DENVER – Rocky Mountain Human Services is reducing early intervention therapy sessions for children with disabilities after outspending its budget with six weeks left in the fiscal year.
RMHS says slightly more than 400 children are affected. Parents tell 9Wants to Know their children will receive half the scheduled number of therapy sessions through the end of the fiscal year due to the funding issue.
"No family will not receive services, we just might not be able to provide the same number of therapy services per month," said RMHS spokeswoman Amy Davies.
Davies said RMHS was notified by the state that it would run out of funding if it continued to spend at the same rate. She acknowledged the problem was a combination of poor planning and an influx of additional need in the community.
"We're doing everything we can to ensure this doesn't happen again," Davies said.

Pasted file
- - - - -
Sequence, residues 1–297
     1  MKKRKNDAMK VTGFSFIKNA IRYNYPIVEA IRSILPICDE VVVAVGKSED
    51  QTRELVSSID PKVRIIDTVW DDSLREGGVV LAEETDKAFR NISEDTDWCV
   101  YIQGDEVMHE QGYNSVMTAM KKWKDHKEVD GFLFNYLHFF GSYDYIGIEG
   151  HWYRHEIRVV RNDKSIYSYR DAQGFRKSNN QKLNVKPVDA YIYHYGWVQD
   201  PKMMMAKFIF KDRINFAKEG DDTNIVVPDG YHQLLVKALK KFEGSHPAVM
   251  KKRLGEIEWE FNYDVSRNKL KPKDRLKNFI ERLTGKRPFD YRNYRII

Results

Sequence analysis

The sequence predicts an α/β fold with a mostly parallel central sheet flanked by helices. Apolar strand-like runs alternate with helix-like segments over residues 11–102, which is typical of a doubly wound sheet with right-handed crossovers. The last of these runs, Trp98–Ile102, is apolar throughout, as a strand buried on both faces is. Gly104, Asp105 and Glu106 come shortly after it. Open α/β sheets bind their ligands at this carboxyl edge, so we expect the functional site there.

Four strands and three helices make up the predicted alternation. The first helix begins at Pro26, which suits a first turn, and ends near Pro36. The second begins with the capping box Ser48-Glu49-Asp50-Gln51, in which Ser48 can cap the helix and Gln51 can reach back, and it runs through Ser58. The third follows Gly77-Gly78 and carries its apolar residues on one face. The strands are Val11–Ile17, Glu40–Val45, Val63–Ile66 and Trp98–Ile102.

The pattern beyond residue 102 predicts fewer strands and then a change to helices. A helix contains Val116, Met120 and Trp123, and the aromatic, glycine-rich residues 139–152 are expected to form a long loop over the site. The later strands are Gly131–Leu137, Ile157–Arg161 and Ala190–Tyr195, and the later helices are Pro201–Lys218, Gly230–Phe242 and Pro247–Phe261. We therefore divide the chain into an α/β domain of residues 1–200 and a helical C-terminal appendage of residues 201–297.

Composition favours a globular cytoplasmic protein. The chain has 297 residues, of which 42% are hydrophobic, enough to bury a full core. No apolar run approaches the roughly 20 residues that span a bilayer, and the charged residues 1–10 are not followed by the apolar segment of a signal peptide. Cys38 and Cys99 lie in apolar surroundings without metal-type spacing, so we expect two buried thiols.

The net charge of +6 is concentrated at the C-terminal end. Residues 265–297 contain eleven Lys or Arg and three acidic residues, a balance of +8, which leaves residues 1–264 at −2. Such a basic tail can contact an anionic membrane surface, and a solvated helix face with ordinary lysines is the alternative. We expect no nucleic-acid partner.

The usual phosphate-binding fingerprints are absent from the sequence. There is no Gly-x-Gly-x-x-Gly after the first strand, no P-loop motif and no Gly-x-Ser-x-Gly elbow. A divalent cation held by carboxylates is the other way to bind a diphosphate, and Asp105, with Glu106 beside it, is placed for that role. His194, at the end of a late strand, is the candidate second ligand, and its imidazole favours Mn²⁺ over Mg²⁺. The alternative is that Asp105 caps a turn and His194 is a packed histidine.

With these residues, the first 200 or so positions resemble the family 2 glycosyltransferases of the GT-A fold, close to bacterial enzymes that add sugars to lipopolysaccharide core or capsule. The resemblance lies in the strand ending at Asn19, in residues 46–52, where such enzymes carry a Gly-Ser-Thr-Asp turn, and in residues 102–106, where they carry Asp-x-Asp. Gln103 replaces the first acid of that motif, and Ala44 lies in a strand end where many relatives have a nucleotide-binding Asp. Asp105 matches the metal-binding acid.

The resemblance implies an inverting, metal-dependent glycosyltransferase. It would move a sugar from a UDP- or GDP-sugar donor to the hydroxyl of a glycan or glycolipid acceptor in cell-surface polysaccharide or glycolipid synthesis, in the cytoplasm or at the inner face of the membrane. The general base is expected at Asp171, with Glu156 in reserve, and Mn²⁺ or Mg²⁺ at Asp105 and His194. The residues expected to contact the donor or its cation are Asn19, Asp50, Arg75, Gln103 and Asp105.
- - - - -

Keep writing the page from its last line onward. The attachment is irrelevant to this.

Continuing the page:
Parents who object to a cutback will be allowed to argue their child is specially situated to be harmed by less therapy "because children may be at a fragile point in their development", Davies said.
Only children who receive six or more therapy sessions a month are impacted.
Several parents contacted 9Wants to Know about the cutbacks.
"If they're cutting back on the kids who need the most services then they're leaving those kids even further behind," said parent Julie Behrman.
Behrman says she was given the choice between her son receiving fewer occupation therapy sessions or fewer speech therapy sessions.
"It's concerning that weren't able to project what their need was going to be versus what they could actually provide," Behrman said. "It doesn't seem like a reasonable way to run your agency."
Behrman said she would agree to reduce her son's scheduled therapy sessions so that children with more severe disabilities might be able to keep theirs.
"I would hate to see kids who are worse off not getting services," Behrman said.
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